Scottish Cancer Prevention Network

Cancer Prevention Bursary awarded to Dundee Student

25

May 16

A Dundee student who carried out a period of elective study exploring the awareness of cervical cancer symptoms and willingness to undergo cervical screening among Punjabi women has been awarded the Scottish Cancer Prevention Network’s first student elective bursary. The bursary aims to support a student undertaking an elective relevant to cancer prevention or screening.

Sharandeep Singh, a final year medical student at the University of Dundee and member of the SCPN student chapter, spent six weeks in a maternity unit in Punjab, India, attending clinics, consulting patients and assisting in surgery for the clinical component of his study, and explored the knowledge that Punjabi women have of cervical cancer, their willingness to undergo screening and the factors that influence this for the research component.

During his elective study Sharandeep was able to develop his research skills, further his interest in obstetrics and gynaecology, and contribute to the development of improved cervical screening programmes and uptake amongst Punjabi women. Speaking of his intentions following graduation next month, Sharandeep said:

Following my experiences of working in Punjab, I am now ready to promote the value of cervical cancer screening for the prevention of the disease in the South Asian community here in Scotland when I go back to Glasgow in August as a qualified doctor. It is a privilege to be awarded the SCPN elective bursary in recognition of my work.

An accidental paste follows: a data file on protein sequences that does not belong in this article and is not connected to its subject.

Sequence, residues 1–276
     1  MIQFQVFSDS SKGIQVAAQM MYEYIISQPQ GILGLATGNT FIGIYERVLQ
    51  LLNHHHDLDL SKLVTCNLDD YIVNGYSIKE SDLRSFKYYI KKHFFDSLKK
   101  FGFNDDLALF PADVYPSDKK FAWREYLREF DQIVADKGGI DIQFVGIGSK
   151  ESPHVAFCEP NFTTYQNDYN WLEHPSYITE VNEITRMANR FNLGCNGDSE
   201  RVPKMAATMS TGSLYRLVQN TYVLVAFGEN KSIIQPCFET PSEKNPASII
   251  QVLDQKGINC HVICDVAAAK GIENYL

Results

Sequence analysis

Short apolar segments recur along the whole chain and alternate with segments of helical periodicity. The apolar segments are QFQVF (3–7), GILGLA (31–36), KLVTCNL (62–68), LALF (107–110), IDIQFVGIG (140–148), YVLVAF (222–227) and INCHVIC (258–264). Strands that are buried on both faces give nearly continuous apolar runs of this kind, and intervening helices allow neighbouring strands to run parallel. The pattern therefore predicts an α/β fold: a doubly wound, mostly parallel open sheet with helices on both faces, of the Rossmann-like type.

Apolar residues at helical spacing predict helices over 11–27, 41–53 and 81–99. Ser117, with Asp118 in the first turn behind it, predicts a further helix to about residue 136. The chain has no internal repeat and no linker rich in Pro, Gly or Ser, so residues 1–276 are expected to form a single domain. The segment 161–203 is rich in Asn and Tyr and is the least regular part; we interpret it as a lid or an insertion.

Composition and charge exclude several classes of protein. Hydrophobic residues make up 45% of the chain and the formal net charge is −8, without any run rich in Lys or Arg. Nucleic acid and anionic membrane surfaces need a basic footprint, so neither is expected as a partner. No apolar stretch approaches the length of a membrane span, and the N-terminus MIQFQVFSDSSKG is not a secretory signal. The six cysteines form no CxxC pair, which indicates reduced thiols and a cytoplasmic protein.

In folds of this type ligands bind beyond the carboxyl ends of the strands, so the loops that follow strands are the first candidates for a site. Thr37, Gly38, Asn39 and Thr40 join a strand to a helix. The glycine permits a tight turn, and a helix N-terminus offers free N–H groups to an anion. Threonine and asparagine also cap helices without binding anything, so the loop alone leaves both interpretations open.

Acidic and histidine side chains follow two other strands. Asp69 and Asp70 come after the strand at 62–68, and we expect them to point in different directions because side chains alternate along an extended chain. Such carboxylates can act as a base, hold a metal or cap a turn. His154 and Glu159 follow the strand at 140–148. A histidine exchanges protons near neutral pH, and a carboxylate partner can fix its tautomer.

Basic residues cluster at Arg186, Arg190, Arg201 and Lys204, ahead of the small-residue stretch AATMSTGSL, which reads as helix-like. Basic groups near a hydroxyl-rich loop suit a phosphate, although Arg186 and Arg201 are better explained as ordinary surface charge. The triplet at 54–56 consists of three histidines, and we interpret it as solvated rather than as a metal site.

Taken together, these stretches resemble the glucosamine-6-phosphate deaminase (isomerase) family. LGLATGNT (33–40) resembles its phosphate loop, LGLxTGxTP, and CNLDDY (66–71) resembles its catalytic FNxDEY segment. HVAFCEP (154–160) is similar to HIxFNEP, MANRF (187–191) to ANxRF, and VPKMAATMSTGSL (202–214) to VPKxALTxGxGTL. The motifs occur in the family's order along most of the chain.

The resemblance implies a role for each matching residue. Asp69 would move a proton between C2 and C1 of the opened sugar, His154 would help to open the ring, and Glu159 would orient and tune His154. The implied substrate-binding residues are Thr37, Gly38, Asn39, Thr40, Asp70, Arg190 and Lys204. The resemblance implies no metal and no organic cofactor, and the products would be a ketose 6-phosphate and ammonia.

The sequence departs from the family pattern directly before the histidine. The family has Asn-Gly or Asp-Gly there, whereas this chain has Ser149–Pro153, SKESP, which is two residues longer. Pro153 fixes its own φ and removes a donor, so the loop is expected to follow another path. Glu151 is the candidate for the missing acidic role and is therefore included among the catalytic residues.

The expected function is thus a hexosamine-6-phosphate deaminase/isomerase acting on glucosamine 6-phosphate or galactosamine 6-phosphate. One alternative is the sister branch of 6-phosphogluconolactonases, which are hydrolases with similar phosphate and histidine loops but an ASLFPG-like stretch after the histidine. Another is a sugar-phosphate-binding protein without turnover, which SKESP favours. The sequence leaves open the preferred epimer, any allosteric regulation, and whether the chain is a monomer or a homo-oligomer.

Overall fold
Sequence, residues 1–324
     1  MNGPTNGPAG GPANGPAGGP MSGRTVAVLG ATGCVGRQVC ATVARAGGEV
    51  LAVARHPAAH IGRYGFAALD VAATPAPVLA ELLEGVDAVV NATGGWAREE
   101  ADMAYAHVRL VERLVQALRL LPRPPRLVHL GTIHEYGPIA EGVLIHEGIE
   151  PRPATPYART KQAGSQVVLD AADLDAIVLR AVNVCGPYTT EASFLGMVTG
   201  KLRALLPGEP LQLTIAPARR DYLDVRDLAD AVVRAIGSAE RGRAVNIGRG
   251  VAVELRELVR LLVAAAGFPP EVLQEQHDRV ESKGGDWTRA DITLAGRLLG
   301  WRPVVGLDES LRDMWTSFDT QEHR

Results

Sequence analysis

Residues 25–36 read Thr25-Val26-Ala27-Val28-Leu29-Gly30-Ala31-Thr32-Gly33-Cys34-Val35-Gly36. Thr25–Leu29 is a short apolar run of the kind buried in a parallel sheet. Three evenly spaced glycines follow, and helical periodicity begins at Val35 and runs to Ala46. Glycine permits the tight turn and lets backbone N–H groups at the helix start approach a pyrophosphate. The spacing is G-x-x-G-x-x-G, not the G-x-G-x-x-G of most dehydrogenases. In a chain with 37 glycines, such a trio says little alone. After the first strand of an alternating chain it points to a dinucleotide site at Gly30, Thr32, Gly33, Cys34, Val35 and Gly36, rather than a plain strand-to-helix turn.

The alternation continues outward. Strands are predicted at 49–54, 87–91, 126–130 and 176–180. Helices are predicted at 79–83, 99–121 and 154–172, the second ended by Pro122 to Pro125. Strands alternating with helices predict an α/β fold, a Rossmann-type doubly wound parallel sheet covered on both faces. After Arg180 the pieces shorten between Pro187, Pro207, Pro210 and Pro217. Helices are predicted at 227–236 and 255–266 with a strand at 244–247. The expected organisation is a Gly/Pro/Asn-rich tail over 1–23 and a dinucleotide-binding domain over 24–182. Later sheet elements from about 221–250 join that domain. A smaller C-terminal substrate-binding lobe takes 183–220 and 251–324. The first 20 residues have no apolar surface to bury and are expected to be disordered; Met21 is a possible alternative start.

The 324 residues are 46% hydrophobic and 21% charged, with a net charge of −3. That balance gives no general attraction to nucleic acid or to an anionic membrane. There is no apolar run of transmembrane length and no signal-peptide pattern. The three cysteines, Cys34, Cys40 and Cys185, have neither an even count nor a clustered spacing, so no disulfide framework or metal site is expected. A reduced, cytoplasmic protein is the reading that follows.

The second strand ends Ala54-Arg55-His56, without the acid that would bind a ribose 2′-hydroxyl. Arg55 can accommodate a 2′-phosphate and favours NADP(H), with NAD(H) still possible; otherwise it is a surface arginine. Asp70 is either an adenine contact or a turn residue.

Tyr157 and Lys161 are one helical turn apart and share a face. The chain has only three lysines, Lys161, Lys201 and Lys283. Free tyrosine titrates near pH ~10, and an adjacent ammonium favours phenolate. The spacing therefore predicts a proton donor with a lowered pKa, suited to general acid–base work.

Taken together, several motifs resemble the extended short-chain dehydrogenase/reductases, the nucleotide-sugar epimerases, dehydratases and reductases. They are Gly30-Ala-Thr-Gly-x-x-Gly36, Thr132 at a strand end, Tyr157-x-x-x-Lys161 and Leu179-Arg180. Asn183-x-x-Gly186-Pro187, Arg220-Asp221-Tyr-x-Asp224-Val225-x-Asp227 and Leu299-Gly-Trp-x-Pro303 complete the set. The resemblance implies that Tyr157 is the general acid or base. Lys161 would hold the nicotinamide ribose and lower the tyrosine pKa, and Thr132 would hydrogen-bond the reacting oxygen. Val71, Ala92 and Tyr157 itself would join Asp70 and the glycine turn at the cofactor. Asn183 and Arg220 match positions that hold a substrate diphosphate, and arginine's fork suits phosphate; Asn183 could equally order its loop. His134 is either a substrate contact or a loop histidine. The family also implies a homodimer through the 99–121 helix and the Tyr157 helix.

Professor Annie Anderson, Co-Director of the Scottish Cancer Prevention Network said:

It’s the first time the SCPN has recognised a student’s elective work in cancer prevention areas. Sharandeep’s elective is a great example of work which can be continued in a medical career in Scotland. Cervical cancer is still the most common cancer in women under the age of 35 in the UK and efforts like those of Sharandeep go a long way towards combating the disease.

Professor Robert Steele, Co-Director said:

Sharandeep’s work reflects the importance of cancer prevention being integrated into the higher education curriculum. This award is just one clear example of the SCPN supporting efforts which go above and beyond in preventing cancer both at home and abroad.

This is the first award of the bursary which attracted a range of applications including:

  • Exploring the treatment and early detection of head and neck cancers at Memorial Sloan Kettering Center in New York, NY in the United States.
  • Investigating behaviour patterns, namely modifiable factors like diet, plus cultural attitudes towards cancer, and how this can be incorporated into healthcare services suitable for all members of the community, comparing attitudes and demographics across two different towns in Canada.